As the debate over how to mitigate the most devastating impacts of climate change swirl, one potential solution remains largely ignored. Unlike calls to implement governmental programs to cut the use of fossil fuels or implement carbon taxes, this solution is one that we can all make happen every single day in the form of what we choose to put on our plates.

Animal agriculture is the leading cause of global greenhouse gas emissions, the United Nations Food and Agriculture Organization (FAO) estimates that livestock production is responsible for 14.5 percent of global greenhouse gas emissions, while other organizations like the Worldwatch Institute have estimated it could be as much as 51 percent. But it is also the source of mass deforestation, air and water pollution, in addition to species extinction. So when we choose to consume meat — on a global scale — we have an enormous impact on the world around us.

Given the current predicament we are in that stems from our appetite for meat, we have to stop and wonder if the animal agriculture system is really the most sustainable option.

The Failing of the Livestock System

The FAO projects that by 2080, 577 million tons of meat will be consumed as opposed to the consumption in 2010 of over 300 million tons of meat worldwide. At current rates, we are using one and half Earth’s worth of resources to produce food for the world’s population of seven billion … and around 850 million people still suffer from hunger globally.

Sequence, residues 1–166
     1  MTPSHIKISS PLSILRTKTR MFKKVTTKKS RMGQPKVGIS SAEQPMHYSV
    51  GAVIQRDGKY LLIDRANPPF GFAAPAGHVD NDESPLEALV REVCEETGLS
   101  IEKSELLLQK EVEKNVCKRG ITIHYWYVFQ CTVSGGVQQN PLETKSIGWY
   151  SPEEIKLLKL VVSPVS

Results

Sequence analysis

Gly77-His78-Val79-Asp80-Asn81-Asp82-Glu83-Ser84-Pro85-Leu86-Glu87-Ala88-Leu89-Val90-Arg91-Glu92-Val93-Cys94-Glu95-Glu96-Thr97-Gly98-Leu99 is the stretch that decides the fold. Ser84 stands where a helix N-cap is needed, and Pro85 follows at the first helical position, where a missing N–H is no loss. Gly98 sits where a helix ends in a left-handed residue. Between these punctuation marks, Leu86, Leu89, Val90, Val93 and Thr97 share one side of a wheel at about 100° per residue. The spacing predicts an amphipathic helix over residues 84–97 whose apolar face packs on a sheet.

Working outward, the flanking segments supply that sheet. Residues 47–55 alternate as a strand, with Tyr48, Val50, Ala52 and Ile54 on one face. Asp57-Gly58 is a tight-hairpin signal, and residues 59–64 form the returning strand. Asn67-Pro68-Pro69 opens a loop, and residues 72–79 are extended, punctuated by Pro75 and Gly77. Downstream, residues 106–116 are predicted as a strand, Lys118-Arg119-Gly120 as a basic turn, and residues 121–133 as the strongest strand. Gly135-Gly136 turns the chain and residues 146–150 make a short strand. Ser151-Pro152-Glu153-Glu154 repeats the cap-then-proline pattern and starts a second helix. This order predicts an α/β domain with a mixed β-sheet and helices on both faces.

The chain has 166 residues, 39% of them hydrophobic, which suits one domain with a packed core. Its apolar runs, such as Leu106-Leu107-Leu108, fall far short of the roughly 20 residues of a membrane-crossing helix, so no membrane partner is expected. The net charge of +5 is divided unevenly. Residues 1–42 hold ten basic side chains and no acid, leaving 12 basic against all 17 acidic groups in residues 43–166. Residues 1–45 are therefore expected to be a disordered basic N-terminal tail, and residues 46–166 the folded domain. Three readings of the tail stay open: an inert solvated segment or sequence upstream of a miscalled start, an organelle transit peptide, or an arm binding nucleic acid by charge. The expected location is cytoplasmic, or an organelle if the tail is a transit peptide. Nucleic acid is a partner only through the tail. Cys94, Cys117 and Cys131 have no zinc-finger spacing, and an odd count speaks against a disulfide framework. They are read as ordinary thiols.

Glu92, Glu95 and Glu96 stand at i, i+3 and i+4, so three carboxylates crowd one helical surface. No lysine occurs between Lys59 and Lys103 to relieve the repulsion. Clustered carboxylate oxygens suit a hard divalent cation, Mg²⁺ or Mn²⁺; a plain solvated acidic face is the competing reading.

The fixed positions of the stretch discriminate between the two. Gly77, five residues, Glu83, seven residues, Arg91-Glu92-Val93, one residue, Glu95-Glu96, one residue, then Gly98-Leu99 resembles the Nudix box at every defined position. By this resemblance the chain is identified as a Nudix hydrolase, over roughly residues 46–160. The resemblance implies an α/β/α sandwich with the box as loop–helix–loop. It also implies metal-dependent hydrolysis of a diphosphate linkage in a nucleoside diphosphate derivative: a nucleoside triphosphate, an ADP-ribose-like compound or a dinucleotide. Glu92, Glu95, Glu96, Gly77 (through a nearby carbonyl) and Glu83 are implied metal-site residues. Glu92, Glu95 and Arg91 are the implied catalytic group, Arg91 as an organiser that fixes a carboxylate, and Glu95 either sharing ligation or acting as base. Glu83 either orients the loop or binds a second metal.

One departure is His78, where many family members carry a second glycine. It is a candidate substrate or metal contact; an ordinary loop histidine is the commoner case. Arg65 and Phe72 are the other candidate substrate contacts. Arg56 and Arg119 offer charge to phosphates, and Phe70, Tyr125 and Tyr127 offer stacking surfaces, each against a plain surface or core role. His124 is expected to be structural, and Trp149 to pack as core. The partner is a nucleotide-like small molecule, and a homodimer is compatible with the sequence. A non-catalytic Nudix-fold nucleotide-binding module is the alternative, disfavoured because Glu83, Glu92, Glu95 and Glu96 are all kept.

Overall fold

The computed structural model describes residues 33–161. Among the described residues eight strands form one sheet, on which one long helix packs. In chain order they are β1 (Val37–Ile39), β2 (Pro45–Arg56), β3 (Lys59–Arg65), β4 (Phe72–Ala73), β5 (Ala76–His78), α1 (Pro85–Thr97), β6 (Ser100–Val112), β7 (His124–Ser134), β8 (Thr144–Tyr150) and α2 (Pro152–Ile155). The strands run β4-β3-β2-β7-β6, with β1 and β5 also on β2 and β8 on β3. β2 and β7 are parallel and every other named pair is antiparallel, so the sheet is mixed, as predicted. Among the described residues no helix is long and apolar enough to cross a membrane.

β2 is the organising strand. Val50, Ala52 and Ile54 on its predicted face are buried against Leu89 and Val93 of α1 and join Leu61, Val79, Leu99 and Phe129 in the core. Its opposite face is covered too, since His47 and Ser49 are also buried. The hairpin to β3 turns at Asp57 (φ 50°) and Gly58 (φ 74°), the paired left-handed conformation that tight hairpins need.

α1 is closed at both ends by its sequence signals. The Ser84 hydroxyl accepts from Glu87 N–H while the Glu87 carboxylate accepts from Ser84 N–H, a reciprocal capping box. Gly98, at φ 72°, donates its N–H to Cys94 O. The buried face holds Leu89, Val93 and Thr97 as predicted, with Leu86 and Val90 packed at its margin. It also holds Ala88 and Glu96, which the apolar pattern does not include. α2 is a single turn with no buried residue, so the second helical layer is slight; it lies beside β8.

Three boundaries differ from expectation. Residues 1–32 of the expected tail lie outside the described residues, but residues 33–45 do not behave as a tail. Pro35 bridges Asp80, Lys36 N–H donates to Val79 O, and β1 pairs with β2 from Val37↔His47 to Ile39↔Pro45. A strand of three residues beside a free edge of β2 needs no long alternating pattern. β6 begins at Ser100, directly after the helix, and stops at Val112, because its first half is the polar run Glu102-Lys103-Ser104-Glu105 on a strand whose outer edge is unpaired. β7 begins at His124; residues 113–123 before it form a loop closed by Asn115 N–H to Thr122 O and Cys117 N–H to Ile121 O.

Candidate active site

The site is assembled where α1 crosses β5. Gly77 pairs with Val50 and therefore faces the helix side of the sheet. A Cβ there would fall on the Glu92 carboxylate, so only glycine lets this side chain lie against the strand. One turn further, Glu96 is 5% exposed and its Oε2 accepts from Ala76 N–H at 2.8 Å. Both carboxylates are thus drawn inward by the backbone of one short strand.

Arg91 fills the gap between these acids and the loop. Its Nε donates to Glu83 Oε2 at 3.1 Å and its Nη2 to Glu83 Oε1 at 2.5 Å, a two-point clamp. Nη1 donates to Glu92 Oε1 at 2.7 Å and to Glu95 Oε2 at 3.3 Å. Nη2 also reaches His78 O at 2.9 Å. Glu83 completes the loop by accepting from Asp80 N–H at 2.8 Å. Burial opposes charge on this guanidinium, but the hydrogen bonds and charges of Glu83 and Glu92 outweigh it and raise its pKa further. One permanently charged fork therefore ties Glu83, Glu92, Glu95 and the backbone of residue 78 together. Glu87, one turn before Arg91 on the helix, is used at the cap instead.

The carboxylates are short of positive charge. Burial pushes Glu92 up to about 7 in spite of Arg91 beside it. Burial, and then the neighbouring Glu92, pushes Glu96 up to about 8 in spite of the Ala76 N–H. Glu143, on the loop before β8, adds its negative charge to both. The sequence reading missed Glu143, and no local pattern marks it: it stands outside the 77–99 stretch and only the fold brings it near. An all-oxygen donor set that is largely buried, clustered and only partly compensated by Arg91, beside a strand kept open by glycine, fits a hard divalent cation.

Animal agriculture has turned into an industrialized system with the express purpose of feeding more people in a more efficient manner. Factory farms where hundreds of thousands of animals are raised for food are becoming the norm across the world. As of 2007, three-quarters of the world’s chicken supply, half of the pork supply, and two-thirds of eggs came from industrial agricultural settings, or factory farms.

While raising this large number of livestock in a concentrated area may be a more efficient way to use land and space resources, it is only one small part of the problem.

Land Use for Livestock Feed

An estimated 26 percent of land worldwide is used for grazing livestock and 33 percent of land worldwide is used to grow livestock feed. That equals out to about two-thirds of crop land that is used to grow food…